"While this report primarily discusses the use of antimicrobials to protect public health and safety, most antimicrobials used in building materials act as key material preservatives.

"This report fails to clearly distinguish between these uses or explain the need for and benefits of antimicrobials as material preservatives, creating the misleading impression that antimicrobials are not beneficial additions to building materials," said Jain.

As an example, Jain said the materials ensure that low-VOC paint doesn't require refrigeration and they further extend the life of materials such as wood and drywall.

"Antimicrobials are key elements to creating more sustainable construction projects," she said. Jain also suggested that the report is based on "over generalized claims and a limited examination of the extensive body of literature supporting the safe use of antimicrobials."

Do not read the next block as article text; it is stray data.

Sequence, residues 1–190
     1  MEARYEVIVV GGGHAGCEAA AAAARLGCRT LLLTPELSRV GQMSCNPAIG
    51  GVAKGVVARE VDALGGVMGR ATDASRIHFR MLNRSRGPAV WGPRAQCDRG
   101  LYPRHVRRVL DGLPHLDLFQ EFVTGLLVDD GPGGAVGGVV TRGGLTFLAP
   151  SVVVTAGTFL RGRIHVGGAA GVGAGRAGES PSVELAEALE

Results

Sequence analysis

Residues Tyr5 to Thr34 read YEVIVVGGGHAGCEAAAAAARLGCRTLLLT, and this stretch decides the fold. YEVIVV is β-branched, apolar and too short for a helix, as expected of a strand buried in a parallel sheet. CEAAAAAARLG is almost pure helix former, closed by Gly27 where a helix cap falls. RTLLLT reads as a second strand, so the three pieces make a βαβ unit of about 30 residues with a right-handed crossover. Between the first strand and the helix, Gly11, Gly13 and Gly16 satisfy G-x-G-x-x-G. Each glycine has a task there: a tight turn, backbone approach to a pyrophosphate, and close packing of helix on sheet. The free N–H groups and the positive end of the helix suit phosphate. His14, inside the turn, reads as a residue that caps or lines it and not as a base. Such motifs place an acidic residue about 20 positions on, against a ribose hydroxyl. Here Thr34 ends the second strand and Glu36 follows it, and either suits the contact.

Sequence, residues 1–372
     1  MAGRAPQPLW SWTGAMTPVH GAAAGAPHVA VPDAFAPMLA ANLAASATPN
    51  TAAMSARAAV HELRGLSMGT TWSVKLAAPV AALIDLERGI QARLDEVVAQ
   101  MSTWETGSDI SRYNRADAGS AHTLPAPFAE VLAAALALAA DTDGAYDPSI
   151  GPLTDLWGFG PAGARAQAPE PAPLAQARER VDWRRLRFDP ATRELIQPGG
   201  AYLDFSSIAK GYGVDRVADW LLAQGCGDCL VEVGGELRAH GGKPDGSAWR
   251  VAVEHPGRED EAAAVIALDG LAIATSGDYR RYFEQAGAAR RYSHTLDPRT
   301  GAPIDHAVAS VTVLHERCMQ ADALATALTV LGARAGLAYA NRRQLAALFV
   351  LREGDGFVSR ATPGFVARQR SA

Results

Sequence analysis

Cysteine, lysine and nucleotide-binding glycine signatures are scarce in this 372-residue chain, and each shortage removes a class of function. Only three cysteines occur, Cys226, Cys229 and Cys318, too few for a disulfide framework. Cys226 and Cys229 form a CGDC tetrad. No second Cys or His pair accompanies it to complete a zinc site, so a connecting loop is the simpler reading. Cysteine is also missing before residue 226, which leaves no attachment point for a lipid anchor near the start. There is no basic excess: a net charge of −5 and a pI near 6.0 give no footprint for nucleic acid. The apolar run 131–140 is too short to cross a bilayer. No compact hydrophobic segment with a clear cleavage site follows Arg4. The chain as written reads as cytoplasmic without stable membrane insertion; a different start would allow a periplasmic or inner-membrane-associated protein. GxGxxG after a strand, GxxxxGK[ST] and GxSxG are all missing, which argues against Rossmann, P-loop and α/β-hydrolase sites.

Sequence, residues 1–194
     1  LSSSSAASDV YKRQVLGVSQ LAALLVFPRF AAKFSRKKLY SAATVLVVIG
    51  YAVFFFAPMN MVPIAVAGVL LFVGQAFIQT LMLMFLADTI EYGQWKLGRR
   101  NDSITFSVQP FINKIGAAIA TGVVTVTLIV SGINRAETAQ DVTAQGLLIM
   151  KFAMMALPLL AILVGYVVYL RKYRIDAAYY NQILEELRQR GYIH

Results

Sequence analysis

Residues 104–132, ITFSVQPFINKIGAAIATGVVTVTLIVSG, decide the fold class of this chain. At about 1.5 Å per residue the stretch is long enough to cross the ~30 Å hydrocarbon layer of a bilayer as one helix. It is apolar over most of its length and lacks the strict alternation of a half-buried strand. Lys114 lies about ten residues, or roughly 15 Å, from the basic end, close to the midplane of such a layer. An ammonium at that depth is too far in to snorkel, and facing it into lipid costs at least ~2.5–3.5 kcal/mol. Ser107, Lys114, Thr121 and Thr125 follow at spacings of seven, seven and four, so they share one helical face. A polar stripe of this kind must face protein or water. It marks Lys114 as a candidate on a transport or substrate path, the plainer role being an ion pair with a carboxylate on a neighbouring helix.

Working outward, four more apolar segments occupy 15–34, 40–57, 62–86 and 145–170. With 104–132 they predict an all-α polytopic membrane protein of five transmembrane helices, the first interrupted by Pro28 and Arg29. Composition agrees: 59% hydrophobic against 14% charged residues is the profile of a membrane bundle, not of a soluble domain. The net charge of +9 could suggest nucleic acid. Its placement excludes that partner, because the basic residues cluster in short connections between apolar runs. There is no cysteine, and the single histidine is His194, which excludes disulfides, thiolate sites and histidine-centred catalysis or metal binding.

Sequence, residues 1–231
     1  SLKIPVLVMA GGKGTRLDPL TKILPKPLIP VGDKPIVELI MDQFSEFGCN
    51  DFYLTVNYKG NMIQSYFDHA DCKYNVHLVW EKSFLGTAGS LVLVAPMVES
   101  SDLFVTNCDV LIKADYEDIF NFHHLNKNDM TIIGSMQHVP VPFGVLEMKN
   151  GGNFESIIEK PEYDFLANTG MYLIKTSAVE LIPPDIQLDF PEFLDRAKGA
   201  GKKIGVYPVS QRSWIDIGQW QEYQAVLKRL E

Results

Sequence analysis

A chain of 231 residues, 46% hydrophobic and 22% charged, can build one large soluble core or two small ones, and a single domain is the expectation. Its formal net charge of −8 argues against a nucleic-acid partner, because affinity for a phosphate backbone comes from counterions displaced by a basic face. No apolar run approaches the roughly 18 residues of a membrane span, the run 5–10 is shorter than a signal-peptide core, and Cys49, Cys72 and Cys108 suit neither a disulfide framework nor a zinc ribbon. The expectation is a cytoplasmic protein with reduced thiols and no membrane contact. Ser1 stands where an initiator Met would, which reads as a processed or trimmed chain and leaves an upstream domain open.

The American Coatings Association did not immediately respond Monday (March 6) to a request for comment on the study or antimicrobial products in general.

Editor's Note: This story was updated at 8:49 a.m. Tuesday (March 7) to include the American Chemistry Council's response to the report.


Editor's note: This story was one of our most popular in 2017, and it appeared in our Readers' Choice edition Dec. 27.


Tagged categories: Additives; Antimicrobial coatings; Architecture; Coating chemistry; Coatings Technology; Construction chemicals; Designers; Health and safety; Health Care/Hospitals; Paint